Soil pHFrom 6.0 To 7.0
Flower ColorWhite And Pink
U.S. Hardiness Zones3, 4, 5, 6, 7, 8, 9, 10, And 11
Native AreaWestern Asia And Europe

What Are The Different Caraway Varieties?

There are several different caraway varieties people grow across the globe. Though they’re similar in taste and aroma, we categorize them by their adapted climate and growth habits. Therefore, it’s essential to choose a suitable variety for your garden to see successful results.

Though there are many cultivars, most of them don’t have distinctive names. They’re usually marketed under the common name, caraway. But, you’ll likely find them under the classification, annual or biennial.

Annual Caraway

People usually grow annual caraway in the warmer regions since they’ll need a longer growing season. Sow them in winters, and with the long growing season, annual varieties bear rosettes and go to seed in the first year. Flowering stalks develop, with clusters of tiny flowers towards the end of the growing season. Each of the flowers bears fruit, that we dry before using them in the kitchen.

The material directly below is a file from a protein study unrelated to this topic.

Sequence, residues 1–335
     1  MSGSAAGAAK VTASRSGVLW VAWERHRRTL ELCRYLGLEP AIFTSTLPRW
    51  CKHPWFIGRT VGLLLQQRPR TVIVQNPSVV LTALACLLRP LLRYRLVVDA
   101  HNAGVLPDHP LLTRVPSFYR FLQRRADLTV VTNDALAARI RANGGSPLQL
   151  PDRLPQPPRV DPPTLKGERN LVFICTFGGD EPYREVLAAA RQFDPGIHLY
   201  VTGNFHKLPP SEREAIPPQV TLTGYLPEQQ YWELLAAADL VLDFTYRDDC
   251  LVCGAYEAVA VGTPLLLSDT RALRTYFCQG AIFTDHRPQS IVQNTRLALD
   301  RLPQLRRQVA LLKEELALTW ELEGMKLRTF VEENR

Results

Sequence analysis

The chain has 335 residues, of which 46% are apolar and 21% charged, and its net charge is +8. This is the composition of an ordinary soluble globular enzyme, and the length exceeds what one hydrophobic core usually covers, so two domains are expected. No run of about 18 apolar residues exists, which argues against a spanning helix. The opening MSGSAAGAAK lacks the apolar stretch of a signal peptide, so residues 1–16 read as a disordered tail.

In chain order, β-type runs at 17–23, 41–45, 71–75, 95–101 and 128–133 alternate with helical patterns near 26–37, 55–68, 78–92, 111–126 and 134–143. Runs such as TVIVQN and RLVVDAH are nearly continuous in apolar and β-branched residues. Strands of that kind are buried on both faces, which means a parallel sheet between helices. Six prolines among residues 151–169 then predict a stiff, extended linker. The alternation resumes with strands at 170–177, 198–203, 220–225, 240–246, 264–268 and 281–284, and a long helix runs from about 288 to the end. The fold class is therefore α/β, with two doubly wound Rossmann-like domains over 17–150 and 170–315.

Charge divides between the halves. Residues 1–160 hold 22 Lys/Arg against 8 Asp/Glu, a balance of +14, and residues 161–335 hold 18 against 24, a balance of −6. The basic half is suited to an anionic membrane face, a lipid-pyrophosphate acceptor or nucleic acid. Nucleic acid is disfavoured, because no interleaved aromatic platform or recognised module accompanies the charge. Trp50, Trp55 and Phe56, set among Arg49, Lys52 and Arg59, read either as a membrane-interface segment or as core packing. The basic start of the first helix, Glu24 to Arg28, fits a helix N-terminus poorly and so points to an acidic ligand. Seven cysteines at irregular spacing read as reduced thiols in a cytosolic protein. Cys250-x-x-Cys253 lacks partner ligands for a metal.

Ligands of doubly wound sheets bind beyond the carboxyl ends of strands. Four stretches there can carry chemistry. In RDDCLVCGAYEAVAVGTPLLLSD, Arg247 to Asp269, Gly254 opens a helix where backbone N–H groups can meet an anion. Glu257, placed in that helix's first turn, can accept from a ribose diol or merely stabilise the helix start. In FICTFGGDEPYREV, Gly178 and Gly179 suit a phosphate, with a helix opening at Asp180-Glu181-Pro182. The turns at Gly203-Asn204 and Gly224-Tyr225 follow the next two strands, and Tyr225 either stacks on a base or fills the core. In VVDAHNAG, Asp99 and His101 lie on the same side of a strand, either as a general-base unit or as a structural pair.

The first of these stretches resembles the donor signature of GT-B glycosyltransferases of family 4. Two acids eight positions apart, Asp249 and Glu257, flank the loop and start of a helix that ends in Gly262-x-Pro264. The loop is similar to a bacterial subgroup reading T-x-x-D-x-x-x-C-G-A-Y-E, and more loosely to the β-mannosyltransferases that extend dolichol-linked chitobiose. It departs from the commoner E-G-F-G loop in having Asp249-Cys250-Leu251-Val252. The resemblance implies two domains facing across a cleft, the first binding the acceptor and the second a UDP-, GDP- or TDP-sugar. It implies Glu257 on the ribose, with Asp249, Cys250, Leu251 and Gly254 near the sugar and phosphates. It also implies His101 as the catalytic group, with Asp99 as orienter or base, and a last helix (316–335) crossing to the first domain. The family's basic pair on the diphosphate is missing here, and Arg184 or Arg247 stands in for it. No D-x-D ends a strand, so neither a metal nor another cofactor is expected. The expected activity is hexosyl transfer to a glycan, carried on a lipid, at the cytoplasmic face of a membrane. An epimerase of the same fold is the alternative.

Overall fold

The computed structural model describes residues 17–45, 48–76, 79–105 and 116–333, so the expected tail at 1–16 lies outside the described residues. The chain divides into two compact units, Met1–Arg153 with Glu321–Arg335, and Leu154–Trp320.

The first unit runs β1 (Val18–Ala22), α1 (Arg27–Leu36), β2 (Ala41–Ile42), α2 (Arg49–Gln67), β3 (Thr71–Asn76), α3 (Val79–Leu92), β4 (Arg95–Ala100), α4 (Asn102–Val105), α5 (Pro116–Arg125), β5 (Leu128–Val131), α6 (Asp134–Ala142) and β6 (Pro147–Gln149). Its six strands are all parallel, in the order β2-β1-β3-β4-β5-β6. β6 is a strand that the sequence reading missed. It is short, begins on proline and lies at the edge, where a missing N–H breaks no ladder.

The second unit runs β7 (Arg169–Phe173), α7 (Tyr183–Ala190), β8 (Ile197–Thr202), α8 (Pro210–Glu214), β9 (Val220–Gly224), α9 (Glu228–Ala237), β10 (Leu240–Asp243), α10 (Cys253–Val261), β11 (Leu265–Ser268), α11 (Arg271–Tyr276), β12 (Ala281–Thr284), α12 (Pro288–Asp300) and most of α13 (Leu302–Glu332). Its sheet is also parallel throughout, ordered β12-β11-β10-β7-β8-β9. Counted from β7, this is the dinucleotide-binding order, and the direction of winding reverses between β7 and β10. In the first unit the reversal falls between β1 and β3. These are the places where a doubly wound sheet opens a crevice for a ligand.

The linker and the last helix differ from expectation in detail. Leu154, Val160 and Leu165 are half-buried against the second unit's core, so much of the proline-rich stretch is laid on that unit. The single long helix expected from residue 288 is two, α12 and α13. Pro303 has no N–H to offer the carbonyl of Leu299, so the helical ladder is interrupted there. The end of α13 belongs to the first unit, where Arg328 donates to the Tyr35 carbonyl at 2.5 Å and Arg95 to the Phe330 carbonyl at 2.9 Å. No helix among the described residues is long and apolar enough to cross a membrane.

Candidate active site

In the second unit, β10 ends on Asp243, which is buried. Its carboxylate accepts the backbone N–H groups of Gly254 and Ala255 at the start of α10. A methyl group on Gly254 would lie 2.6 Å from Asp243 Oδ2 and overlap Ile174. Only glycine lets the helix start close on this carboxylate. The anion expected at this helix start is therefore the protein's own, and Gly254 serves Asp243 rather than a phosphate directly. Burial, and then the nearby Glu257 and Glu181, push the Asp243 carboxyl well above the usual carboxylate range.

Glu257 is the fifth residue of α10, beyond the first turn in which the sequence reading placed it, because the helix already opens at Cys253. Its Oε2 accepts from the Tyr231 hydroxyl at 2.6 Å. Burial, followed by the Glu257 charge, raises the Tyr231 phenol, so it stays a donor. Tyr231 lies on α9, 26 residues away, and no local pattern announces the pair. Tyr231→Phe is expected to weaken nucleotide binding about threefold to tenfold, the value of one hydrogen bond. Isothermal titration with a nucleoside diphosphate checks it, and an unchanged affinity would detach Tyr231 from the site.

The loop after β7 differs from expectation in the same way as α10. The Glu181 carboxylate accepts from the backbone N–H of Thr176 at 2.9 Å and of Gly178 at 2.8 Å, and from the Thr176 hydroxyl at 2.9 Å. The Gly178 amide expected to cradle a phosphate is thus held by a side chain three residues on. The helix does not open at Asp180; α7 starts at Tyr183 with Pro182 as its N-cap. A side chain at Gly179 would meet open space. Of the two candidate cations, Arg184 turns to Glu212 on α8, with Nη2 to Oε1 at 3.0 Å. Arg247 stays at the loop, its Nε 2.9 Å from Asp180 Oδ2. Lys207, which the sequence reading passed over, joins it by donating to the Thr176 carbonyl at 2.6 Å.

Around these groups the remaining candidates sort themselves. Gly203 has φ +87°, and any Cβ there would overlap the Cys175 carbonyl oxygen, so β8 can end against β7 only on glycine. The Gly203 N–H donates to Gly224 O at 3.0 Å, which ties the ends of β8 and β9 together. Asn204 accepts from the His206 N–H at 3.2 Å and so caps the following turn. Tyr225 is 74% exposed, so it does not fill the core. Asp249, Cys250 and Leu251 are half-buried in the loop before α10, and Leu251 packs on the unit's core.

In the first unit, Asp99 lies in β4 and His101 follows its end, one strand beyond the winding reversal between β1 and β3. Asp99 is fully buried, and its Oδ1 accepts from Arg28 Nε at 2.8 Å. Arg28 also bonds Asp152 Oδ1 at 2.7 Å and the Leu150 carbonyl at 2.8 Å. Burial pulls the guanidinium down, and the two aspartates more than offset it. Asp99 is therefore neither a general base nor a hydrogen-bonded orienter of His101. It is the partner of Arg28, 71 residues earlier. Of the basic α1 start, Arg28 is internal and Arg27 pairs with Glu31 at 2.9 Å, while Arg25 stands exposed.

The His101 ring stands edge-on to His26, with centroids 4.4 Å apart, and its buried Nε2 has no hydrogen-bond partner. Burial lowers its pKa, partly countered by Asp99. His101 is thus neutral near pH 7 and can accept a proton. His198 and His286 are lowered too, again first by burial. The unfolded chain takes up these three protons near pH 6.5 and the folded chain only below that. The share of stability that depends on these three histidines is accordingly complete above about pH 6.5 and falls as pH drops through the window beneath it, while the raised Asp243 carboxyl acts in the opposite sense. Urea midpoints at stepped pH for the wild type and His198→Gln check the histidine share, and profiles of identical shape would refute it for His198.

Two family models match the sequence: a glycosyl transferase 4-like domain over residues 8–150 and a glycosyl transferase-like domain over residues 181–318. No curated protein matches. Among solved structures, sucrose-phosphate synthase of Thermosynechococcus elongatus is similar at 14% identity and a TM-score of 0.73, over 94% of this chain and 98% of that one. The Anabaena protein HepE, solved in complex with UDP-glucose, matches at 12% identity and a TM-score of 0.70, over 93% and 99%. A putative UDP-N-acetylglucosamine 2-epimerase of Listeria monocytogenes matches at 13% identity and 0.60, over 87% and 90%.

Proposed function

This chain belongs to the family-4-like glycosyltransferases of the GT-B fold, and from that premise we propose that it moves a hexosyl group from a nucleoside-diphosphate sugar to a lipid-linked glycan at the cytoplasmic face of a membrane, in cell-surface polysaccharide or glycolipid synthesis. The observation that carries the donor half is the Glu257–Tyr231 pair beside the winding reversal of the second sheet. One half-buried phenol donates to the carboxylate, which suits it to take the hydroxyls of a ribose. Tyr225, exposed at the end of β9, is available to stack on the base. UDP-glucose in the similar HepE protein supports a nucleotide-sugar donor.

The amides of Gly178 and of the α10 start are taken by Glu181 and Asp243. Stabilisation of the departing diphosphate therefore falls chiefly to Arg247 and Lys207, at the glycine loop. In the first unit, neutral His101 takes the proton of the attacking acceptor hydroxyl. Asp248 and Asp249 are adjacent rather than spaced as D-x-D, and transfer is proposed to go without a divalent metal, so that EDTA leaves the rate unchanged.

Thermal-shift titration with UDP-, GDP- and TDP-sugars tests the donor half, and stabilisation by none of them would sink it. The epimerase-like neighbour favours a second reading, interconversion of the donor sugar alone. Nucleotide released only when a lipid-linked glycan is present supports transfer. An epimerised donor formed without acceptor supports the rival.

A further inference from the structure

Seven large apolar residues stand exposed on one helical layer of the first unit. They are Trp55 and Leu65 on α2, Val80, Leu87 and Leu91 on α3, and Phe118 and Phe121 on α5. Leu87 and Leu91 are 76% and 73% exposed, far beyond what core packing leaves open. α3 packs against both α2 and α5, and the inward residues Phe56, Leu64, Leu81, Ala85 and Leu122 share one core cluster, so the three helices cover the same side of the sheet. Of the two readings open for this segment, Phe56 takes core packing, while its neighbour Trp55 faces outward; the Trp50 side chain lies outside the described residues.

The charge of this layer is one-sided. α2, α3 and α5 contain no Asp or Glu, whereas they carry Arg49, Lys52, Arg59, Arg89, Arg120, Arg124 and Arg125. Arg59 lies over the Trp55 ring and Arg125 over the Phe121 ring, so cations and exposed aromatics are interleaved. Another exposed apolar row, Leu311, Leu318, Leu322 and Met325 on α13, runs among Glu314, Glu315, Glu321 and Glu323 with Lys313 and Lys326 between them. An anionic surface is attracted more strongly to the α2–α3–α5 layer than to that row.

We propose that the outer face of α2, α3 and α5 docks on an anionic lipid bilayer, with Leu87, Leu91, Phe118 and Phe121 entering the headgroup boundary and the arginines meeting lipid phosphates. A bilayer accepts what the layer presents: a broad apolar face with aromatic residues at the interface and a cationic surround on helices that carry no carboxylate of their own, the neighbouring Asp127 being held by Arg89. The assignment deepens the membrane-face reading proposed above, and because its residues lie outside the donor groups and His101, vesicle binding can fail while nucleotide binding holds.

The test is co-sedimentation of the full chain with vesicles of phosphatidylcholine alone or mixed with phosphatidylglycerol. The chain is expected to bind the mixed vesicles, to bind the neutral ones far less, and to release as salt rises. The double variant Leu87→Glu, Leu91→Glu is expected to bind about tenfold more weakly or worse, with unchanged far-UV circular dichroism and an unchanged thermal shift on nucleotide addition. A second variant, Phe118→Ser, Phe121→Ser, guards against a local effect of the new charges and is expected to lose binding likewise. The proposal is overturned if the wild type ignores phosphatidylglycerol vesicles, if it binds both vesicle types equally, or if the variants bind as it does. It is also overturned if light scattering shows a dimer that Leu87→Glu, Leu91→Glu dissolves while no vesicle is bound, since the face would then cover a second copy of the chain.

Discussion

These varieties often reseed quite vigorously for successive growing seasons, and you won’t need to plant them again. In addition, people consider the annual types to be sweeter than the biennials.

Biennial Caraway

Biennial caraway is preferable for cooler climates. They need two seasons and will go to seed during the second year of growth. In the first year, they form rosettes. During the second year, they’ll shoot up long flowering stalks with umbels at the tips. The flowers bear fruits, which people use after drying them.